On Jun 1, 2016 7:29 AM, "Tomasz Torcz" <firstname.lastname@example.org> wrote:
> On Wed, Jun 01, 2016 at 10:04:27AM -0400, Dan Book wrote:
> > >
> > > Again, this isn't just work-arounds around broken programs. It's a
> > > security thing. It's privileged code (logind, PID 1) that enforces a
> > > clear life-cycle on unprivileged programs.
> > >
> > > Any scheme that relies on unprivileged programs "being nice" doesn't
> > > fix the inherent security problem: after logout a user should not be
> > > able consume further runtime resources on the system, regardless if he
> > > does that because of a bug or on purpose.
> > >
> > > Lennart
> > That's your opinion, and while many sysadmins may share it, many will not.
> > Having this as an optional security feature would be fantastic. Enforcing
> > it by default on every user many of which use tmux, screen, nohup, and & to
> > persist long running processes for daily work, is not something to do just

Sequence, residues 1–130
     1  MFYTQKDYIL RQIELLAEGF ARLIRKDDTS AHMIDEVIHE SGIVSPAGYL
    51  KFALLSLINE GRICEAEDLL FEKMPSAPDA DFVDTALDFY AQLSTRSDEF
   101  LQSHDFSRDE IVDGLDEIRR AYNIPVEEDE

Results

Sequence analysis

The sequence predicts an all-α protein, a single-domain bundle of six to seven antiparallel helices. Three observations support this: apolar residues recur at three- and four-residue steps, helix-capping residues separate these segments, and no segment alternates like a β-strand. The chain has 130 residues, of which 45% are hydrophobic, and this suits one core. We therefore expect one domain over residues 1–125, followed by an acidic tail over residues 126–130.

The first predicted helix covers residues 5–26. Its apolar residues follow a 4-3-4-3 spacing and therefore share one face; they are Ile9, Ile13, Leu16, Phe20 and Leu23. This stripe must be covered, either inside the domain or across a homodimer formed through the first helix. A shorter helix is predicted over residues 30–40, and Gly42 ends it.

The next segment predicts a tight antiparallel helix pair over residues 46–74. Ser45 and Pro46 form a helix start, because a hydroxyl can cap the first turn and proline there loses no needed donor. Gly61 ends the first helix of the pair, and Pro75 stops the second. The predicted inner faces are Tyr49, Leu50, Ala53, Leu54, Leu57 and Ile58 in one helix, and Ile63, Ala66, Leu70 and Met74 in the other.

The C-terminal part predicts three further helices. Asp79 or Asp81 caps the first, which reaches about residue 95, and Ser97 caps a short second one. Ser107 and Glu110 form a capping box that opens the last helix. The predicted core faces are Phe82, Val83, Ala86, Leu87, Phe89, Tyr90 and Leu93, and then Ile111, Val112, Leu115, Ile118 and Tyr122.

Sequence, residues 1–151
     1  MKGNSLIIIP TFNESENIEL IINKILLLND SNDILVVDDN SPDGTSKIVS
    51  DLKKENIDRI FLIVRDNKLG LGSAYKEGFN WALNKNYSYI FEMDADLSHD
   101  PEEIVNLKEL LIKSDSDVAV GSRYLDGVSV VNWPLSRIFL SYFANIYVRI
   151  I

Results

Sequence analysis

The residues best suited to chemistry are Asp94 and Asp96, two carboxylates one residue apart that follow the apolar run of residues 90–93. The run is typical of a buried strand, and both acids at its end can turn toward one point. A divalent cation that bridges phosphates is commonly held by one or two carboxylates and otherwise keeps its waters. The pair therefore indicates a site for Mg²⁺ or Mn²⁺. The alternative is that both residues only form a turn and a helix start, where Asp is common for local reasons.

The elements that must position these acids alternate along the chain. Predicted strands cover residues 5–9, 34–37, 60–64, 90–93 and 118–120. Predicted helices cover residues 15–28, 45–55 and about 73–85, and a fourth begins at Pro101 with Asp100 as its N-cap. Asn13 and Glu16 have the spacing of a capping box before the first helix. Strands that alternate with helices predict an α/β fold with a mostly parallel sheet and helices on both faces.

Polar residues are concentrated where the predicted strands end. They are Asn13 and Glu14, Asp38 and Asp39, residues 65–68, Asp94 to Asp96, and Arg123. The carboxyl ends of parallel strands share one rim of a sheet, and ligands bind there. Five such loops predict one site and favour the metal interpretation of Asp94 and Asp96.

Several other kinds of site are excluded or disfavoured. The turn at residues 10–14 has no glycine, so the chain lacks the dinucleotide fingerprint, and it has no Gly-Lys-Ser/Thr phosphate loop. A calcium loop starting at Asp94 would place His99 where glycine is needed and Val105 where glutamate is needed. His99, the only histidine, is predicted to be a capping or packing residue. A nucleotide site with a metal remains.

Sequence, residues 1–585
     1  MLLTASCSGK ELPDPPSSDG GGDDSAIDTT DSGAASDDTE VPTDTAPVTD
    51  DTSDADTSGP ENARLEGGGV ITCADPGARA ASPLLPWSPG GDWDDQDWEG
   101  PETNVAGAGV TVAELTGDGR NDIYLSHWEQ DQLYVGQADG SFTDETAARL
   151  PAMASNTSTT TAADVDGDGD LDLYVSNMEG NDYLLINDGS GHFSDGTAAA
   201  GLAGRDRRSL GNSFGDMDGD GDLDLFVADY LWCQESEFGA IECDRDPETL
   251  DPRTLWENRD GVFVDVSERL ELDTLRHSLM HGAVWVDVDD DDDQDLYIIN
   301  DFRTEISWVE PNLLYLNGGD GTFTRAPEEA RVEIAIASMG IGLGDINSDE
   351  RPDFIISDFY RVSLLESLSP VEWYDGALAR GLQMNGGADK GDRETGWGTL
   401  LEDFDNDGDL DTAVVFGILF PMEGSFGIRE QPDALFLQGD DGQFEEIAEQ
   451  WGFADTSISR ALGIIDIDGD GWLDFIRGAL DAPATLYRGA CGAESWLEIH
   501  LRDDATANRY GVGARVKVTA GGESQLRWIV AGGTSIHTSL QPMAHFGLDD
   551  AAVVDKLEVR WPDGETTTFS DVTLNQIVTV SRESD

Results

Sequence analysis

> > because you think it is what people should do.
> Just a little perspective – this isn't a new option. KillUserProcesses functionality
> seems to be added by
> commit 202630822f52e06dce8404633407329c38099278
> Date: Mon May 23 23:55:06 2011 +0200
> Five years ago, so basically from day one. We have this optional
> security feature – fantastic!
> Also, the concept of a ”session” isn't anything new, it's core UNIX
> concept (setsid() enyone?)
> I think that programs needing special treatment should use operating
> system's facilities to communicate that. So tmux, screen, nohup should
> really open a new session. It's unfortunate that tmux author is hostile
> against that, but maybe a clean, compile-time optional patch would persuade
You lost me. Tmux almost certainly *already* uses setsid(). The author is hostile to adding a dbus dependency to tmux to tell systemd that it wants a new session.
(I suspect that most terminal emulators also call setsid(), so this approach wouldn't actually work.)